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Friday, 25 August, 2000, 10:59 GMT 11:59 UK
US issues new cashmere warning
Cashmere worker
Cashmere production employs thousands of people
The US Government says British cashmere could be targetted in the continuing trade row between the European Union and the United States over Caribbean bananas.

Britain has so far fought successfully to keep cashmere from the list of goods hit by punitive American duties, as Scotland is one of Europe's leading cashmere producers.

But the US Congress recently passed so-called "carousel" trade legislation, forcing the government to rotate punitive tariffs between different products and EU countries.

US farm groups were told on Thursday that a new "beef retaliation list" was drawn up, but that British requests to exempt the luxury fabric were delaying a new retaliation list for the banana trade war.

White House officials gave US farm leaders no time frame for making a decision.

Diplomatic battle

Peter Chase, an economic counsellor at the United States embassy in London, said there was no indication from Washington that an announcement on trade sanctions on cashmere goods from Scotland was imminent.

He believes that there may be some movement within a few weeks but for now, he said the situation was no different than it had been for some time.

UK Prime Minister Tony Blair is leading a diplomatic battle to persuade Washington not to penalise the industry.

The UK Government argues that unlike other EU members it wants to see the banana dispute resolved as soon as possible.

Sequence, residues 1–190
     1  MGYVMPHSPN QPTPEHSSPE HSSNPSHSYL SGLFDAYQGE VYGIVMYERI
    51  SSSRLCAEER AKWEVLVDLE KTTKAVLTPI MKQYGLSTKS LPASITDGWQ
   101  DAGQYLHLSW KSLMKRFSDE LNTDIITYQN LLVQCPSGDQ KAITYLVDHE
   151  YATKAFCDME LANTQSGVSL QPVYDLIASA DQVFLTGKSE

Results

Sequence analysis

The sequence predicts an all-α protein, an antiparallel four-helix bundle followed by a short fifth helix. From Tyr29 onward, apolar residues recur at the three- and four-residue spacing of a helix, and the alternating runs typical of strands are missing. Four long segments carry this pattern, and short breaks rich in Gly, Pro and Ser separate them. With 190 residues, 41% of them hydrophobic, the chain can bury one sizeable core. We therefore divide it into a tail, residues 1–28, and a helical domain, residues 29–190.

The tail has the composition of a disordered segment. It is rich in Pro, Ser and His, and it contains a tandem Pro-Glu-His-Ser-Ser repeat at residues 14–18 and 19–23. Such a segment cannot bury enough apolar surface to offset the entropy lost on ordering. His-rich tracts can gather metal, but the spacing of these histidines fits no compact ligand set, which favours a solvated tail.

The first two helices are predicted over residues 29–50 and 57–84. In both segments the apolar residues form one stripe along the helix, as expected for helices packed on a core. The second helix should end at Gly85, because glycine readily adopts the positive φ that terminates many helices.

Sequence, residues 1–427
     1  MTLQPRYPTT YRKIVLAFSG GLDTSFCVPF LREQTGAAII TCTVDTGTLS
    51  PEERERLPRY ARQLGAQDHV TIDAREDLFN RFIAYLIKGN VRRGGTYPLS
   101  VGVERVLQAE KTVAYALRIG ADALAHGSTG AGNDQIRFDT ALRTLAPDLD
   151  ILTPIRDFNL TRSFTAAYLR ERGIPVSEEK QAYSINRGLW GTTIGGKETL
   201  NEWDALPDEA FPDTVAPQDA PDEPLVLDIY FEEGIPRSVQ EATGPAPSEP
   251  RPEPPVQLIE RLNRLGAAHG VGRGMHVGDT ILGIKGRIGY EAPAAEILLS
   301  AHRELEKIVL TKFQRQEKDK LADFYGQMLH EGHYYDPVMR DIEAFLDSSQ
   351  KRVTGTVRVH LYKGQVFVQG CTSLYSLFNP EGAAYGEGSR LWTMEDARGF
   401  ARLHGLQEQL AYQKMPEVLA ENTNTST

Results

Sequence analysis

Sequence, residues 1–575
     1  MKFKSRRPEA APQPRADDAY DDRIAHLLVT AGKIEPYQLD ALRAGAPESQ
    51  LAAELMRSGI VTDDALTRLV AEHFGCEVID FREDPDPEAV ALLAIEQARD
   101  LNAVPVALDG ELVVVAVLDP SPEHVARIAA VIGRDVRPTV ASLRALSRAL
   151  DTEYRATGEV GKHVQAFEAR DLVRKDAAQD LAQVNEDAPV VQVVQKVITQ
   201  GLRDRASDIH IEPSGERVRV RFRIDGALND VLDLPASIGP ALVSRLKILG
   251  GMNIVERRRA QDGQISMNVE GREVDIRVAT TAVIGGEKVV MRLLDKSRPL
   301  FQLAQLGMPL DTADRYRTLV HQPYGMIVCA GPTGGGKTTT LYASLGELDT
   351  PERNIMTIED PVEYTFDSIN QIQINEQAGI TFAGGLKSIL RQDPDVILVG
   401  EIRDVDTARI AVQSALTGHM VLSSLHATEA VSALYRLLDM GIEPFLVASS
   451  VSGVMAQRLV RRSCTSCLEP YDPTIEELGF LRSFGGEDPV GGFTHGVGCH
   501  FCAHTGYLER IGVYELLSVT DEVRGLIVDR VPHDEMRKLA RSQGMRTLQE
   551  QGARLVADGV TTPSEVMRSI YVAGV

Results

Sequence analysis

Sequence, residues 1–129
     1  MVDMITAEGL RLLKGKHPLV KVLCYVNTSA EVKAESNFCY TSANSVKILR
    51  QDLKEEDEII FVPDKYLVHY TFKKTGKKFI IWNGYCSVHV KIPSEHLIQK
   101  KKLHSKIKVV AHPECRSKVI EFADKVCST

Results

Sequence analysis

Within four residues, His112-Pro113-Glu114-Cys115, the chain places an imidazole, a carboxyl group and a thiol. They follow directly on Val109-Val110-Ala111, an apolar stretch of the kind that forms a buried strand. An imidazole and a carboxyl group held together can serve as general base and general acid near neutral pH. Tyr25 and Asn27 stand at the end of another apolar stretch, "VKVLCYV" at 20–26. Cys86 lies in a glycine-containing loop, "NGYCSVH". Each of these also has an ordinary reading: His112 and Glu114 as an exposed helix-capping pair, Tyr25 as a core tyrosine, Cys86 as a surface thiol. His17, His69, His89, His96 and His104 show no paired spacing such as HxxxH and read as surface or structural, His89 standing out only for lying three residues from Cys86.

Scotland Office minister Brian Wilson
Scotland Office minister Brian Wilson sports a cashmere jacket
Scottish ministers have also called on America not to impose swingeing levies.

In 1999, the United States imported cashmere from the EU worth $71.5m.

The dispute was sparked by a World Trade Organisation ruling that the EU favours bananas from former European colonies in the Caribbean and elsewhere.

This affects the export of bananas from Latin America, some of which are controlled by American companies like Chiquita, and the WTO has accused the EU of breaking free-trade rules.

Targets varied

The US Government has retaliated by hitting certain European products with 100% import duties.

President Bill Clinton's administration, under orders from Congress to vary its targets, is now deciding which products to target next.

According to diplomatic sources, Mr Blair has called President Clinton, as he did ahead of the first list published, but Mr Clinton has put off making a decision.

Tony Blair and Bill Clinton
Tony Blair is using his contacts with Bill Clinton
A snub for Mr Blair could make for a sour atmosphere when the two attend a Millennium summit in New York early next month.

Cashmere products are mostly exported to the US and it is now feared that if they are included on a fresh list it could spell the end of the industry in Scotland.

That would put thousands of jobs in the Borders at risk.

Earlier this week Scottish Enterprise Borders chairman Tony Taylor told BBC Scotland he believed the presidential elections had been a distraction for President Clinton.

The fact that the US Congress is on holiday has also delayed a final decision on sanctions.

Mr Taylor said he understood Borders cashmere goods had escaped inclusion in the first list that had been drawn up but featured in a follow-up list.

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